Co-op and Starship Technologies have announced plans to extend their partnership, adding new robots to take the total fleet to 500 autonomous vehicles across the UK, while launching robotic delivery services in five new towns and cities.
The convenience retailer – the first major UK supermarket to use robots for home delivery – will increase its robot fleet by over 300 vehicles by the end of the year, increasing Co-op’s offer of on-demand convenience and helping to further reduce carbon emissions on last-mile deliveries.
The robots will make deliveries in five new towns and cities, with Upper Cambourne in Cambridgeshire the next location after Co-op and Starship first launched the emission-free autonomous delivery service in Milton Keynes in 2018, and Northampton in 2020.
Shoppers can choose from over 3,000 grocery items, which are delivered in as soon as 20 minutes through the Starship Food Delivery app. Once users have selected their items, they then drop a pin where they want their delivery to be sent. They can then watch as the robot makes its journey to them, via an interactive map. Once the robot arrives, they receive an alert, and can then meet and unlock it through the app.
Recent research from Starship has shown that close to 70% of the company’s customers forgo driving to a store or receiving a delivery from a fuel-powered vehicle in favour of robot delivery, supporting Co-op’s aim of ensuring all of its home deliveries are zero emission by 2025..
Alastair Westgarth, CEO of Starship Technologies, said: “We are pleased to extend our hugely successful collaboration with Co-op and bring the benefits of autonomous delivery to thousands more people across the UK.
“More and more people are realising that it doesn’t make sense to drive to the store for ‘top up’ groceries when the hassle can be removed through autonomous, contactless and environmentally friendly delivery. Ultimately, we want to save time and money for our customers, and make their lives easier in a sustainable way.”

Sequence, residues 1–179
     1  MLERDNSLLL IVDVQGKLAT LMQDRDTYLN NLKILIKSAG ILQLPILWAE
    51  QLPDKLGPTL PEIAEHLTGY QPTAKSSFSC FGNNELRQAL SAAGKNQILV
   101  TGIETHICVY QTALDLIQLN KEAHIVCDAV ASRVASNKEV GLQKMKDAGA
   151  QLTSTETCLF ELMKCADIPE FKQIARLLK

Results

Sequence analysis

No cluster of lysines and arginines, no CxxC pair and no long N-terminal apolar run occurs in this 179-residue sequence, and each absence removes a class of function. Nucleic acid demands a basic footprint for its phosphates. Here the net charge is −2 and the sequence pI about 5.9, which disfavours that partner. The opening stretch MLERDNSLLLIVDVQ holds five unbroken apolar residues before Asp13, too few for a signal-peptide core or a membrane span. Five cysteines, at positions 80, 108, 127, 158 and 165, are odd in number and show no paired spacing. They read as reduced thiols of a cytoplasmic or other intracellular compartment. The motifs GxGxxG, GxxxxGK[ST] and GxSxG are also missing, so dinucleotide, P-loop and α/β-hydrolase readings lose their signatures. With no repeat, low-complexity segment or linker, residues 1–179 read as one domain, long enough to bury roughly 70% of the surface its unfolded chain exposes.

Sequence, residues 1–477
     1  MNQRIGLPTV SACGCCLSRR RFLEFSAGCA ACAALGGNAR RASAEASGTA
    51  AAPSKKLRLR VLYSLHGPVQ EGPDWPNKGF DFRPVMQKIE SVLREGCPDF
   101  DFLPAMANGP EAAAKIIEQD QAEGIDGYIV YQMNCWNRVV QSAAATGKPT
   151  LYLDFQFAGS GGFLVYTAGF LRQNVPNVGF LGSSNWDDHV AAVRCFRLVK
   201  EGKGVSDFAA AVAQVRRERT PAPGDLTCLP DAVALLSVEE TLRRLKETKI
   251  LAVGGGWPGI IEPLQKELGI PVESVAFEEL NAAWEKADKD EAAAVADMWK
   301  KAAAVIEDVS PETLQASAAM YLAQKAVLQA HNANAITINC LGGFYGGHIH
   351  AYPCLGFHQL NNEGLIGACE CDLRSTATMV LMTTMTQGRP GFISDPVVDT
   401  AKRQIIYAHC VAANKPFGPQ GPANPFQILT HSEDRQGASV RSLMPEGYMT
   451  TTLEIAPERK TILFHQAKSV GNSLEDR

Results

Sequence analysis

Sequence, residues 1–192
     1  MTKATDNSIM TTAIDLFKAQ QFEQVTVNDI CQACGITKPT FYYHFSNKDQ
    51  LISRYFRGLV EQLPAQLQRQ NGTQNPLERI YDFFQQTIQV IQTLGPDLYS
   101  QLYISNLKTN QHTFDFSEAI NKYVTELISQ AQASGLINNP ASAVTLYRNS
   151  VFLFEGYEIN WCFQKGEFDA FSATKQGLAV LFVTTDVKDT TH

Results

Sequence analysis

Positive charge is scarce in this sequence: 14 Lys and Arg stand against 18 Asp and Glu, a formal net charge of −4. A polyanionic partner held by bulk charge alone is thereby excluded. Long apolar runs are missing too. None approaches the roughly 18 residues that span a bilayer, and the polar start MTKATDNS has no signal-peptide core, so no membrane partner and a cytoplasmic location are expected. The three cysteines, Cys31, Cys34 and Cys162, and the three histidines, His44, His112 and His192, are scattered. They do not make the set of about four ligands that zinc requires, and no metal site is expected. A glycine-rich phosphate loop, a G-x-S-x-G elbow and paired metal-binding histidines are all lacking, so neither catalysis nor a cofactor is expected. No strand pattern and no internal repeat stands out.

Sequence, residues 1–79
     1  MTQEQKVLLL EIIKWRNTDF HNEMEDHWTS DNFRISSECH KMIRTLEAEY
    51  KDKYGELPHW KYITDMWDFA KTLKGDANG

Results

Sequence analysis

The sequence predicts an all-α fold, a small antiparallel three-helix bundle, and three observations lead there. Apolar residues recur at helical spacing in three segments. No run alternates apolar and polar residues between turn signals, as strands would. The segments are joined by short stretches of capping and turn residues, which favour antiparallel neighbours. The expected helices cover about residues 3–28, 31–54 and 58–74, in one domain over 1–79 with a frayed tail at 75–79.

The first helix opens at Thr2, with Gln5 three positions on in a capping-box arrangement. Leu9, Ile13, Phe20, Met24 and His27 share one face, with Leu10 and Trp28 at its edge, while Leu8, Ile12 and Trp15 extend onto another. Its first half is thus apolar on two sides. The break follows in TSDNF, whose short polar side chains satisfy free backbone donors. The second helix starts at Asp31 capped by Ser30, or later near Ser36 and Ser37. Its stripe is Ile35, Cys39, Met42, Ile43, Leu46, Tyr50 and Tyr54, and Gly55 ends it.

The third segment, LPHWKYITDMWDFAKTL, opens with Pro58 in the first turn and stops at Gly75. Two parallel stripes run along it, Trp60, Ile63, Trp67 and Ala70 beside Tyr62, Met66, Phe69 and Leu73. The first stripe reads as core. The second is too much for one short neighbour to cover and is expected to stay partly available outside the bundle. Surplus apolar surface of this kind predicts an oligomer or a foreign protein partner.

Co-op’s online offer has rolled-out at pace since the launch of its own online shop less than three years ago. Through its own vehicles, such as electric vans and e-cargo bikes, or with partners such as Deliveroo and Pinga, almost 2,000 of its stores in towns, cities and villages across the UK will be in catchment areas for either online home delivery or click-and-collect by the end of 2021.
All orders are picked fresh from Co-op stores in the community, which act as micro-distribution hubs locally so that high streets can benefit from increases in online demand.
Chris Conway, head of e-commerce, Co-op, said: “Our focus is to continue to innovate and look for new and better ways to do business in our communities while expanding access to our products and services.
“In addition to offering quality and value quickly, easily and conveniently, we need to do this sustainably, and by working collaboratively with Starship and other partners with shared values we can ensure we further reduce greenhouse gas emissions, something that is essential if we are to have a healthy and sustainable natural environment to pass on to future generations.”
Earlier this year Co-op announced a 10-point climate plan setting out its blueprint to achieve net zero for its direct and indirect carbon emissions by 2040.